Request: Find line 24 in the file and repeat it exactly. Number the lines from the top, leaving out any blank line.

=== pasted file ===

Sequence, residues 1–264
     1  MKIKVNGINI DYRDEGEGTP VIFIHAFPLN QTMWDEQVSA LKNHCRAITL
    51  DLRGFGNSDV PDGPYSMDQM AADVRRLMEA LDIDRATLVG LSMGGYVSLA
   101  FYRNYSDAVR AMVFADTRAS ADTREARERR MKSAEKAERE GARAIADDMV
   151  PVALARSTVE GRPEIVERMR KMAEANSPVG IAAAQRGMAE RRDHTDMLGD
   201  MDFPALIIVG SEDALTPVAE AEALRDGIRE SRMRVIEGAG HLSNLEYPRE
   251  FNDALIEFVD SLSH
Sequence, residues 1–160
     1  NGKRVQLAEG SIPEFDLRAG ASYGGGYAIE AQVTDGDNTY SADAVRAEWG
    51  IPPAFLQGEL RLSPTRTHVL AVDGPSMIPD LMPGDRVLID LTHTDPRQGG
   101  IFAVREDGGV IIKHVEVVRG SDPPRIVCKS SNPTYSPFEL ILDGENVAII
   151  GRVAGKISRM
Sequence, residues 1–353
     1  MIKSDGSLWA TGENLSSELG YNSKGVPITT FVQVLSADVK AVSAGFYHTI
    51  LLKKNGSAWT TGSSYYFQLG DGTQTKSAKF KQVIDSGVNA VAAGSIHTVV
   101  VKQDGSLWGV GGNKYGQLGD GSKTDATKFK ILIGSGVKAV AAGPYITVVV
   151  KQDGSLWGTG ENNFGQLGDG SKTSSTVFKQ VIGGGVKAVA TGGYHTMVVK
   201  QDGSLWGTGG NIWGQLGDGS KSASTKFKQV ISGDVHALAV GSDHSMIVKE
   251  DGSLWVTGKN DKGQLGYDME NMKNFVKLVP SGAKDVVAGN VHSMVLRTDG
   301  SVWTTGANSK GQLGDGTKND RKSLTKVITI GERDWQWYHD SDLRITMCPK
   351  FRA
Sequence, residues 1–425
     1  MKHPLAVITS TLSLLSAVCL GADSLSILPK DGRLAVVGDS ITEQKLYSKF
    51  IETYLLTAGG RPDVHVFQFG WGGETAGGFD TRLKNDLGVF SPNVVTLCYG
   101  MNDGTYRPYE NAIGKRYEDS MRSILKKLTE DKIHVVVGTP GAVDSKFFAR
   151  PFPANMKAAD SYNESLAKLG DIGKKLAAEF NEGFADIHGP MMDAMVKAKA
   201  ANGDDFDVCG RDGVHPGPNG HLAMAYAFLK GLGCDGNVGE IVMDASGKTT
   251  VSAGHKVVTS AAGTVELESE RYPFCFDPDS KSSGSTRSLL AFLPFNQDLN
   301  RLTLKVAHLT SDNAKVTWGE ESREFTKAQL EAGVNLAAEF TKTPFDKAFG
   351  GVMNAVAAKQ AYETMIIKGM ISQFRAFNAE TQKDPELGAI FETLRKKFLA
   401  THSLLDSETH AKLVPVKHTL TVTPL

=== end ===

    51  IETYLLTAGG RPDVHVFQFG WGGETAGGFD TRLKNDLGVF SPNVVTLCYG